Commentary Upfront Blog

Why we must be global

Knowing about what is going on in Japan or Mexico makes us better global citizens, but it can show us the universality of the human spirit. It can offer potent evidence that “the family of man” is not a shallow aphorism but something much deeper and more resonant for human progress. 

PEOPLE FLEEING TRIBAL CLASHES ARRIVE AT A DISPLACED PERSONS CAMP IN DARFUR, SUDAN, IN JULY.
MOHAMED NURELDIN ABDALLAH/REUTERS
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Caption

The Christian Science Monitor is an international news organization because it must be. We don’t really have a choice. 

The vision of our founder, Mary Baker Eddy, does more than embrace the world. It creates no separation between us (whoever “we” happen to be) and the world. Knowing about what is going on in Japan or Mexico makes us better global citizens, yes. But it can do something much more. It can show us the universality of the human spirit. It can offer potent evidence that “the family of man” is not a shallow aphorism but something much deeper and more resonant for human progress. 

For a publication to show in its reporting the humanity that underlies the global “us” is not simply a nice thing to do: It is an essential task that breaks narrow thinking and forces us out of the comfortable grooves of tribalized thought. It broadens our views of love, innovation, identity – of how we see ourselves and the world. 

Ryan Brown’s cover story this week is a beautiful example. Yes, it is a story about the conundrum of refugee camps: How do you create a sense of safety without creating a sense of permanency? Refugee camps, after all, are supposed to be temporary – merely a humane way station on a path to reintegration.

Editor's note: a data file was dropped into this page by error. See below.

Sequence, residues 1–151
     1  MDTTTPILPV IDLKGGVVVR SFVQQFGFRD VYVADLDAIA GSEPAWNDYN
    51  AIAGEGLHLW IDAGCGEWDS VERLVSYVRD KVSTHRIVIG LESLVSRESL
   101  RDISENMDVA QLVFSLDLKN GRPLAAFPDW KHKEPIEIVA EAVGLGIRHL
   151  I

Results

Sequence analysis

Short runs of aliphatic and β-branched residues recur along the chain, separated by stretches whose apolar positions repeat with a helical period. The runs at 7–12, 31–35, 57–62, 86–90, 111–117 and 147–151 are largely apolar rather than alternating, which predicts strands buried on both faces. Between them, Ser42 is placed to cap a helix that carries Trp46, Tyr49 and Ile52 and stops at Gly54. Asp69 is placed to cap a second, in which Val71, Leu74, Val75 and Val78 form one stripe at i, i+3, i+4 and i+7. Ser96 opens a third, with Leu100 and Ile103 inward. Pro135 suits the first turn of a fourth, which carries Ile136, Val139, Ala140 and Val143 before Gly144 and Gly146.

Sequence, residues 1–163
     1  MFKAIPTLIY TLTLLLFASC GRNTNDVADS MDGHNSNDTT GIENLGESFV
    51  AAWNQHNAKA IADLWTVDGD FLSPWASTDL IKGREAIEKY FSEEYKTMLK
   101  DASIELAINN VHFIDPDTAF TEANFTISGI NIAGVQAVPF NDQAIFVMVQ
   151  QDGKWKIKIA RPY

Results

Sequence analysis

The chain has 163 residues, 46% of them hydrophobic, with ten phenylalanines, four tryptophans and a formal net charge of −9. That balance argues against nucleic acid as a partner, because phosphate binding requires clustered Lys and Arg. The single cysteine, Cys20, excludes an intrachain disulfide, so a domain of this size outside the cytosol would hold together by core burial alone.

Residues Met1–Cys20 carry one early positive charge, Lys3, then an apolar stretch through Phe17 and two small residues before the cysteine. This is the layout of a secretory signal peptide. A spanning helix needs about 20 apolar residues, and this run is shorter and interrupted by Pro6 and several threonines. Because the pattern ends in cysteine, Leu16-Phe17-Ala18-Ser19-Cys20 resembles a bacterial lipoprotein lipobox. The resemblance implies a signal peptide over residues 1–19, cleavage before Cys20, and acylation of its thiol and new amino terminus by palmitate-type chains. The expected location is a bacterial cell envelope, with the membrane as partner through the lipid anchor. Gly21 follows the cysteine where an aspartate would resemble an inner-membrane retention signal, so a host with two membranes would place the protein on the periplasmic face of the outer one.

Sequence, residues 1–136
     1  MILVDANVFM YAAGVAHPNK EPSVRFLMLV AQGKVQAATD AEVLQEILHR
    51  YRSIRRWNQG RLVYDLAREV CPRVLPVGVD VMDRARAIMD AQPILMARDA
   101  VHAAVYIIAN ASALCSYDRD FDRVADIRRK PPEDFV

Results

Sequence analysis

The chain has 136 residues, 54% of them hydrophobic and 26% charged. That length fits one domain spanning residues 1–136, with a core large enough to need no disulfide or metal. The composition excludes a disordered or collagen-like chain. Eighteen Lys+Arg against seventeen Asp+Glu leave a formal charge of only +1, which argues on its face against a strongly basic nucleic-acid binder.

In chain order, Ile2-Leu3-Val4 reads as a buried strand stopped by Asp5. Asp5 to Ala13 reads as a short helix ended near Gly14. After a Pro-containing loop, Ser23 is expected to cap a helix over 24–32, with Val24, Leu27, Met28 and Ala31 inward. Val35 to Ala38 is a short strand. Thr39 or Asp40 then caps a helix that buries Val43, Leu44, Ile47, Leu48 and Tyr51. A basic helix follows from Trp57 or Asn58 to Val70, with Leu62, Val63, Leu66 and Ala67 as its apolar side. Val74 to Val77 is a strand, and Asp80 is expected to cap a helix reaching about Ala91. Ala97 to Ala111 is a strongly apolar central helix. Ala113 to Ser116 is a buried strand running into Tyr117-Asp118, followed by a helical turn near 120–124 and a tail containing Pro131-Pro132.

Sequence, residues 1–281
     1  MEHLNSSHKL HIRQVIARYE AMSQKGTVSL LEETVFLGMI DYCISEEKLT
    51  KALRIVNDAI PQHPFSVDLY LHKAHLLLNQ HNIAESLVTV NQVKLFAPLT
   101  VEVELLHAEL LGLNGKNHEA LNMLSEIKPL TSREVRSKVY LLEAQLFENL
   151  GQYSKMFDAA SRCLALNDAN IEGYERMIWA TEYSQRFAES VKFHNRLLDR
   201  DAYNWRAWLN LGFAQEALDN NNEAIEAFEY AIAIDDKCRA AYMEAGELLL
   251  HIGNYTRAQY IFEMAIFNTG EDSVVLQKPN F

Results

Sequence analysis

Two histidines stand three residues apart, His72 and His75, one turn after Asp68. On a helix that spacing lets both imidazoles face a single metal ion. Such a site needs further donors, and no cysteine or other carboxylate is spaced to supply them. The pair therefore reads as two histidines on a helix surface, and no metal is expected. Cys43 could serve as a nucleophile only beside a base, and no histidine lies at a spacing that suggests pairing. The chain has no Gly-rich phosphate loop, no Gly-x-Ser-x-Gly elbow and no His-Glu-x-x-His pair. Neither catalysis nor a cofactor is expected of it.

But the story thrums with so much more. It is a portrait of an evolving sense of life and home. For refugees, a sense of home breaks through even when conditions would seem to conspire against it – like the flower growing from the stone. Life wants to be vibrant. The question is whether there needs to be a reboot of the post-World War II refugee camp model, one that allows refugees’ innovation and yearning for a sense of stability to be expressed. 

This is a question for Africa and for refugees. But it is also a question for everyone else, too. Not only does it put refugees in a different light, it shifts the whole topic into something more intimate for anyone who has ever bought a house or fought with a neighbor over a tree. What happens when our sense of home is taken from us? 

This is why the Monitor is reopening an Africa bureau. And this is why we’re so pleased that Ryan is signing on to do it. 

Africa is, perhaps, more prone to stereotypes than any other corner of the world. It is cast as the world’s charity case, rife with disease, war, and corruption. Indeed, these are challenges that need to be faced. But there is a different picture to see, too. One of vibrancy and relevance, of innovation and aspiration. 

Africa challenges us to see beyond the surface, and that is what the Monitor does. As managing editor Amelia Newcomb often says, the Monitor dares us all to see the world differently. And that can begin with seeing the green shoots of home even amid the refugee camps of a war-torn country. 

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